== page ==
The Japanese Language Association of Korea 2021 KCI Impact Factor : 0.82

Korean | English

pISSN : 1229-7275
Aims & Scope
In 1990s when people majored disciplines associated with Japanese language or culture were hard to find, most of academic activities in Japanese language, Japanese literature, Japanese culture, Japanology, and Japanese education etc. were centered around those few people. However, the number of people who majored in diversified and specialized disciplines relevant to Japanese language or culture reached more than 1,500 to date. “The Japanese Language Association of Korea” has been cope with changes in the environment of researches and education actively, and led the foundation of the “Journal of the Japanese Language Association of Korea (日本語学研究)” in December 1999, as a publication of professional academic journal on the “Japanese Language and Education of the Japanese Language”. Upon publication of the first issue of the journal, the efforts to raise its domestic status among academic societies as a professionally differentiated academic journal on Japanese language have been made, thereby the journal was appraised as candidate for registration in the National Research Foundation of Korea in 2005, and became registered journal in 2009, as a center of development for researches in Japanese language. Further, the number of annually published issues of the journal has been increased from three to four since 2014 to expand opportunities for contributions of members of the society supporting the activities of the society with public favor. The efforts, resulted in contributions of diverse and qualified papers supporting the journal to be able to take place as a representative professional journal for studies on Japanese language, and further, they drive forward the journal to become as a global one for which several projects are organized and promoted. 
CHO Young-Nam

(Department of Japanese language & literature, Korea University)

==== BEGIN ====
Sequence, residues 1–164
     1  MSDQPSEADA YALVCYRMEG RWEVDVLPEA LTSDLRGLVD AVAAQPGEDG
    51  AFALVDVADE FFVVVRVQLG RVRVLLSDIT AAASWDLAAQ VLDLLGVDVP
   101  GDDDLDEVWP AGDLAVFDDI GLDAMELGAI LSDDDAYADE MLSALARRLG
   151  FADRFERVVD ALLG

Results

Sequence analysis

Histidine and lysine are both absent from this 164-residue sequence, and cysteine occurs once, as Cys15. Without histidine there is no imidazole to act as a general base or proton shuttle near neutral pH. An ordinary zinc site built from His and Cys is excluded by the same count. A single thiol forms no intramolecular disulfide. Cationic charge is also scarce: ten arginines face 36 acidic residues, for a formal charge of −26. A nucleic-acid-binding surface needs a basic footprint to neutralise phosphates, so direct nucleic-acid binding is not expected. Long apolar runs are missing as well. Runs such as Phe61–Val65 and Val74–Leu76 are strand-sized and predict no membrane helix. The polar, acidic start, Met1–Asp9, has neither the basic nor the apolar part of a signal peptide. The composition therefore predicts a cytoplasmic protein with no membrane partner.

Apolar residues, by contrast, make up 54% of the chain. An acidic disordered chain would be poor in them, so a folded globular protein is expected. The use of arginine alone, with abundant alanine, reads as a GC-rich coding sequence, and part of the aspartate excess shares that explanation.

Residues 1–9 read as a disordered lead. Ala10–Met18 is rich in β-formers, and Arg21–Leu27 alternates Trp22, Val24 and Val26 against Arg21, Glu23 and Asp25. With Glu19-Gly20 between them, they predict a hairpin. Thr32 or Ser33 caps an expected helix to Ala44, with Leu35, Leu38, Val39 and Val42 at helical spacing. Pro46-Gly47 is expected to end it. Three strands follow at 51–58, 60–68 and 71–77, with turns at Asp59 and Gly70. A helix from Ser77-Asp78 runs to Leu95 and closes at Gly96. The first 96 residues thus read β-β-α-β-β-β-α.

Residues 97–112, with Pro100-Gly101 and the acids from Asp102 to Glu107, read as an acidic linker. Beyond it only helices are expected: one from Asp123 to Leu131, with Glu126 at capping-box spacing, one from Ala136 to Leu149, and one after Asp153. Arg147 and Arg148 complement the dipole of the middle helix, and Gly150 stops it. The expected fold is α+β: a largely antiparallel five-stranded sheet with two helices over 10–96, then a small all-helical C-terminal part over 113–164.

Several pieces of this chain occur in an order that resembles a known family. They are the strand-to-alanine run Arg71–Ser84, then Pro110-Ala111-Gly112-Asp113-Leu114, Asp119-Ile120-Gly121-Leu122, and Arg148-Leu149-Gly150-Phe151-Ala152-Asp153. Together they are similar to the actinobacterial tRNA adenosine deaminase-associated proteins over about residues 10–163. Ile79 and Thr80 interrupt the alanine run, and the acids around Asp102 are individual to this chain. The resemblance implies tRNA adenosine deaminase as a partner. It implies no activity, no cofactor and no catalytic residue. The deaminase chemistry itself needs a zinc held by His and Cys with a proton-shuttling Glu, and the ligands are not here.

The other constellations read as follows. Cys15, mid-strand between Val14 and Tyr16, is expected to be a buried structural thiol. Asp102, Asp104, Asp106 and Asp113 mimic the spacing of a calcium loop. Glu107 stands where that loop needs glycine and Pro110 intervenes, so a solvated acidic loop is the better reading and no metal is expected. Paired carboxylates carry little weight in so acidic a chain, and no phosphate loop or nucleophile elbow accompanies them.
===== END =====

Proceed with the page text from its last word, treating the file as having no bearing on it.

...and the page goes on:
Citation Index
  • KCI IF(2yr) : 0.82
  • KCI IF(5yr) : 0.58
  • Centrality Index(3yr) : 0.844
  • Immediacy Index : 0.3409

Current Issue : 2022, Vol., No.72

  • A study on the frequency of the use of omoimasu‘I think” and zonjimasu‘I think (honorific)’ in business conversations: based on a business-related questionnaire

    Kanehara, Shuko | 2022, (72) | pp.5~20 | number of Cited : 0
    In this paper, we studied the use of omoimasu (思います) ‘I think’ and zonjimasu (存じます) ‘I think (honorifics)’ in business conversations. This is the result of an analysis of data collected through the survey of 50 people aged 30 to 59 working in Japan. Although zonjimasu is an honorific (humility) version of omoimasu, foreign Japanese learners often hesitate to use it as it can be regarded as incurring a bad impression depending on the situation. Therefore, there were concerns that learners tend to use omoimasu in all situations even when they have learned zonjimasu. The survey was designed to find out if there were situations where it would be easy for learners to use zonjimasu. As a result, several findings were unveiled: 1. Even in business situations such as a consultation, it is often more appropriate to use omoimasu than zonjimasu; 2. Many people think that it is not rude to use omoimasu in business situations; 3. Rather, the use of the humility expression zonjimasu sometimes makes the other person feel uncomfortable in some cases; 4. If one uses omoimasu in a situation where zonjimasu should be used, the respect degree would be weakened and thereby the other party would feel it is rude; and 5. It is more appropriate to use zonjimasu atin thean important part of the conversation part thatconsultation or conversation, or where at conversation the speaker wants to ensures tothey deliver the part of the conversation or consultation to the other person, rather than in considering the flow of the consultation or conversation.
  • How can teachers embrace Outcomes-Based Education approach in university education?: A case study of a public university in Malaysia